Rudder pursued all four objectives in a speech to the Austin Lion's Club on August 11, 1955. " . . . [W]e find in the records of the land office, even in the early days of our Republic, that fraudulent land schemes were widespread," Rudder told the gathering. In short, if Texas luminaries like Sam Houston or Mirabeau B. Lamar couldn't completely prevent fraud, modern Texans should not be surprised by its occasional outbreak today. Rudder, however, walked a rhetorical tightrope, knowing that he could not dismiss the crimes of the Giles era as business as usual.
After providing details on a pair of corrupt land deals from the 1830s, he shifted tone and declared that, "Fraud in government is a detestable thing and, with your help and the help of all Texans, I hope to keep the Land Office operations free of it, so that the Veterans Land Program will be administered for the benefit of the veteran . . ." In contrast to Giles, who had provided only evasive answers as various investigations of the land office proceeded, Rudder invited the public to scrutinize his every move. "I invite you to keep a close surveillance on my conduct as Land Commissioner, and I strongly urge you to do the same toward the conduct of all other public officials," he said. " . . . I do not wish to operate in an official vacuum — separated from the desires and the will of the people who it is my duty to serve."
In the racist climate of 1950s Texas, Rudder urged his Lion's Club audience to see African American veterans and Mexican American veterans as the unwilling dupes of a criminal plot hatched by powerful, scheming white men.
The veteran . . . has been victimized . . . Some of our veterans, not wise in the ways of the world, and I might say underworld, were an easy prey to those shady-dealing promoters who would capitalize upon veterans' benefits to the prejudice of the veterans themselves . . . Veterans as a whole cannot, by a long shot, be classified as a shiftless lot . . . Why, you and I are veterans . . . I do not mean to convey the idea that the veterans deserve a reward simply because they were serviceman. Quite the contrary — It is my belief that it is a man's duty to serve his country even to the point of giving up his life in that service . . .[but] our people decided to restore to the veteran some of the things lost by [his time in service] . . . to enable him to more easily readjust and more quickly become integrated into a peace-time civilian society. The Veterans' Land Program was an excellent way to accomplish this purpose.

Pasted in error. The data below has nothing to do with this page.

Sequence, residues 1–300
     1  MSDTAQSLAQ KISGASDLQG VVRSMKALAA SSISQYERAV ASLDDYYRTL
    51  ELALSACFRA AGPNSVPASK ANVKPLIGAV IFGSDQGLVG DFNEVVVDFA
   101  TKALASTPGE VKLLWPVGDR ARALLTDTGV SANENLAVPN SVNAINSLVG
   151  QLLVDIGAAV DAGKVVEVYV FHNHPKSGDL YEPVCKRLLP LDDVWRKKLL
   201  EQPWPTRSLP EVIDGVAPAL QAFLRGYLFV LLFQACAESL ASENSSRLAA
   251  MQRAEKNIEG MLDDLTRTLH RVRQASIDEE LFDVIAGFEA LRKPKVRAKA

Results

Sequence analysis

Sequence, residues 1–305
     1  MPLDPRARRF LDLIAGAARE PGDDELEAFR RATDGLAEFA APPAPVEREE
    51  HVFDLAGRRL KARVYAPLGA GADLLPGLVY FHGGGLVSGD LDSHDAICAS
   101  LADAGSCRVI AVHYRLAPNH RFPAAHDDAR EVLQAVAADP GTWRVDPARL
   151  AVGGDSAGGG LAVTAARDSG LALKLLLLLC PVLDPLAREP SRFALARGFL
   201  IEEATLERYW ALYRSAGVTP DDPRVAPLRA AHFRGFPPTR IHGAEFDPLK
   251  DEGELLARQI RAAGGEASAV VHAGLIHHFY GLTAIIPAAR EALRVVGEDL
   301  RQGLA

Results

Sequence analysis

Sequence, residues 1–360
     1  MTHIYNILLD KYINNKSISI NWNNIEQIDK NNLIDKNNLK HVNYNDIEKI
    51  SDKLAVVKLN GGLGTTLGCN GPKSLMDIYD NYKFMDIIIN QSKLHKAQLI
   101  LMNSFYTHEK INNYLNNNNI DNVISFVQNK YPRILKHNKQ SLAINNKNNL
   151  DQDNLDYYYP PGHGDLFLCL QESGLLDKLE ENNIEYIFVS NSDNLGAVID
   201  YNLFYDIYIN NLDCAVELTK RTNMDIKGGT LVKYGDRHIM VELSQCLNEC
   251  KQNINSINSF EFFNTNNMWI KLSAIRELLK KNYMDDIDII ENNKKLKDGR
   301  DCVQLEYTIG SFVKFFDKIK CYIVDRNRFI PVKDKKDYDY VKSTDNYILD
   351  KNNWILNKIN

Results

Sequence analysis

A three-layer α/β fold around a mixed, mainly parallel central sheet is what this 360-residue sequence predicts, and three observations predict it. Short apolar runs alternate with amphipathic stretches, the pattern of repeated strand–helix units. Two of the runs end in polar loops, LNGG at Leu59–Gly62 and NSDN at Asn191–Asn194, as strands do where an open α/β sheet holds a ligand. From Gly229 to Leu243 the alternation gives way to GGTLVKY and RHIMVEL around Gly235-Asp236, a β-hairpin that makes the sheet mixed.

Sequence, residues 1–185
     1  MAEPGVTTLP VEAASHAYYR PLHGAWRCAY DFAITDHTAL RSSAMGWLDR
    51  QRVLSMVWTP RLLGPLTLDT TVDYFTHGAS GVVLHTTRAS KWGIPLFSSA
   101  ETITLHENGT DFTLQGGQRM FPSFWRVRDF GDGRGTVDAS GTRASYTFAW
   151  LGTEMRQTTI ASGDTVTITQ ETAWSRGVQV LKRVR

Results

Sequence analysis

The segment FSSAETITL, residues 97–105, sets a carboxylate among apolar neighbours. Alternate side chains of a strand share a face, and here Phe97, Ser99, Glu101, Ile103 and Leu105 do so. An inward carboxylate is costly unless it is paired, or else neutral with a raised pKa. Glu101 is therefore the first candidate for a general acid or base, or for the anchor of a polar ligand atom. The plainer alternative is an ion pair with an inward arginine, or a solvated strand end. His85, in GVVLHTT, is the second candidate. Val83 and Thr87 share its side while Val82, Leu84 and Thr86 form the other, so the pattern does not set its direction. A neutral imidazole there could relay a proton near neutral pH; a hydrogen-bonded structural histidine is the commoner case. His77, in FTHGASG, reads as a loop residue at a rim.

Rudder's public relations campaign proved enough to save the program from the budget axe and his improvements in accounting practices helped the Veterans' Land Board resume operations in October 1955. He aggressively pursued collection of money from those involved in the scandal. In addition to the nearly $80,000 returned to the Veterans Land Program from Giles, Rudder secured the return of nearly $400,000 from B.R. Sheffield. Three-men committees were established in each county to review each veteran's land loan application. All veteran applicants were required to meet with appraisers on the tract to be acquired and the appraiser was required to inform the applicants of the loan terms and the features of the property. Under Rudder, the General Land Office more professionally collected oil royalties from leased state lands. He persuaded the Legislature to hire additional field inspectors to confirm that oil and gas producers strictly obeyed the state's drilling laws. He also increased the seismic exploration staff, enabling the land office to locate more oil wells on state land and thus increase royalty payments to state universities.